Freedom bells ring: Somaliland releases Oromo man from prison, 20 years later

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HARGEISA, Somaliland - At times it can sound like a movie, but for Mohamed Muse Gamteesa, getting freedom despite the many years in prison would probably be a sigh of relief, given the pains he may have undergone for committing a crime in a foreign nation.

In 2001, Gamteesa, an Oromo from Ethiopia was sentenced to eight years in prison for cold murder of his fellow countryman in Hargeisa, the capital of secessionist Somaliland, but could not be released after the family refused to bail him out, forcing the court to slap him with 12 more years.

But on Saturday, Gamteesa was freed from the prison, which had become more of his home, ending two decades of prison life in a foreign country, and probably, at the time the Horn of Africa is witnessing sweeping changes, ranging from restoration of democracy in his motherland and subsequent civil war in Tigray, not forgetting the Al-Shabaab menace, in a country he spent prison life.

At the time he committed the heinous crime, Gamteesa narrated to the BBC Somali Service, he was aged 21, without a wife or children, but he now leaves as a 40-year-old grown-up, with so much life ahead of him, coupled with the stigma that emanates from abandonment by his own family.

"When I was arrested in 2001, I was 21 years old and now in 2021, I am 40 years old. I had no wife, then "I haven’t seen my town for two decades," he told the BBC's Somali Service.

Gamteesa added: "Everyone was saying I will pay the blood money and they didn’t, and that led to my extended imprisonment." "My family thinks I am dead. I have been forgotten a long time ago. I have nothing to do with it now," he said, adding that he did not give up hope in Allah.

His release comes at the time Ethiopia is engulfed in various political challenges that were triggered by social-economic and democratic reforms engineered by Prime Minister Abiy Ahmed, but which have precipitated a civil war, as witnessed in Tigray. On the other hand, Somalia is battling with the rise of violent extremism.

Even with that, Somalia is also still battling to regain the Somaliland territory, which had declared self-independence in 1991. In Hargeisa, freedom of speech and worship also remains badly impaired given strict regulations.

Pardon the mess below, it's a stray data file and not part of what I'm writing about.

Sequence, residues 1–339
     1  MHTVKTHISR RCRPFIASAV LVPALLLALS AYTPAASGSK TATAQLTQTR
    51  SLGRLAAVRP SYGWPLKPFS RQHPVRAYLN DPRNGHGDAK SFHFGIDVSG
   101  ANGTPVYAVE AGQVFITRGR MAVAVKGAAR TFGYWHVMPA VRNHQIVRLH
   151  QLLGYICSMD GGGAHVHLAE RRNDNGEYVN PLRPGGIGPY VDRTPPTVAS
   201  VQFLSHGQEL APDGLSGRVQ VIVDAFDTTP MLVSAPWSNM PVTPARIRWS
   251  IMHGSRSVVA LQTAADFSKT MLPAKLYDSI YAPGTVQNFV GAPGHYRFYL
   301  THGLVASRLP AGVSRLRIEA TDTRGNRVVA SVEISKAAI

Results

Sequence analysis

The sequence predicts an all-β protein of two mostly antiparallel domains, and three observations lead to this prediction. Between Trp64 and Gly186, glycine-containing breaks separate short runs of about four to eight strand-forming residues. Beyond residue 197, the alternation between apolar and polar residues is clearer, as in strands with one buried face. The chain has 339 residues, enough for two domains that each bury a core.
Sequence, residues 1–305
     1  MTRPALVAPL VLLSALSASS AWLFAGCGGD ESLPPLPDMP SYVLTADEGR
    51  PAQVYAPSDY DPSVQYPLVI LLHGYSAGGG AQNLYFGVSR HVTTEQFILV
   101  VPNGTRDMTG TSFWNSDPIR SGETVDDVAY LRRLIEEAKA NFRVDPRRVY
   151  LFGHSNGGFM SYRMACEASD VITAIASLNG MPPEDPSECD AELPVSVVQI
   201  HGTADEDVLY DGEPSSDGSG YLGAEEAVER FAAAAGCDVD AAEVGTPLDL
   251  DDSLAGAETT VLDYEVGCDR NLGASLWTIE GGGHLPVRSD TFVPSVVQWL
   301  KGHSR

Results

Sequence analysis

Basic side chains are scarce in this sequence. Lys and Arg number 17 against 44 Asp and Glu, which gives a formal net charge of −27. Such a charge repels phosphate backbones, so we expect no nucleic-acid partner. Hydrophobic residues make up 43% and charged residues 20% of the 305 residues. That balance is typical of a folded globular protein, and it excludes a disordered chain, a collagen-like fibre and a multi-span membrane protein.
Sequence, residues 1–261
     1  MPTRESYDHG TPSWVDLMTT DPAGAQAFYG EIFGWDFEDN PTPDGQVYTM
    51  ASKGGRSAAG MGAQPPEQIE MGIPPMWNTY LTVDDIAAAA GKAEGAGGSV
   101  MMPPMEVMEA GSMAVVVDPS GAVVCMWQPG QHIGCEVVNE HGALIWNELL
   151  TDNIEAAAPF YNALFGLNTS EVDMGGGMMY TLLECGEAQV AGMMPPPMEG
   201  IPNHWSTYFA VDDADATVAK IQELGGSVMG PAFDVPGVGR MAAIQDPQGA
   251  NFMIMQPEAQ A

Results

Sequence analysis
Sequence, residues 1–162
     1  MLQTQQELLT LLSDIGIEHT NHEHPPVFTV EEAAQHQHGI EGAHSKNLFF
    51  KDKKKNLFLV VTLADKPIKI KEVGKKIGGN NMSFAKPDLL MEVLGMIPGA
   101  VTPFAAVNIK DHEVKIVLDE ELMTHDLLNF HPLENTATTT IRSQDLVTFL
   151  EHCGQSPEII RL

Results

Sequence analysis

But getting freedom from prison was not easy for Gamteesa. Two Muslim friends Abdimalik Muse Coldon, a journalist and philanthropist Abdimanan Mohamed Yusuf, who is also the owner of Astan TV based in Mogadishu, bailed him out after meeting him in prison where they had been detained in Hargeisa.

During their time in the prison, Coldon and Yusuf promised that when they regain their freedom, they would work to get him out. Of course, it is a promise that they realized and they released me from the jail, following Saturday's events.

According to Yusuf, they paid $ 7,000 to the Ganteesa, which will now go directly to the family of the victim as compensation. The family was asking for huge compensation for them to sign documents that would see the prisoner out of jail.

Abdimalik, the leader of the "Help These People" campaign for the empowerment of the poor, pushed for the release of Mohamed Muse, played an integral role in pushing for the release of Gamteesa, who is now poised to start a new life.

"I was delighted when I was told I would be released. In the two months, I was waiting for my release, I fell asleep because of joy," he said in an interview with the BBC Somali Service.

Lawyer Guled Dafac who welcomed Mr. Gamteesa's release called on Somaliland authorities to work for the release of "people who may be detained for less than $100" given that such a provision is anchored in the law.

Mohamed Muse Gamteesa, who was locked in room No. 1 in Block A during his detention, was an Imam and a Mu'adin, according to his prison colleagues who noted that there were other victims who need support.

GAROWE ONLINE

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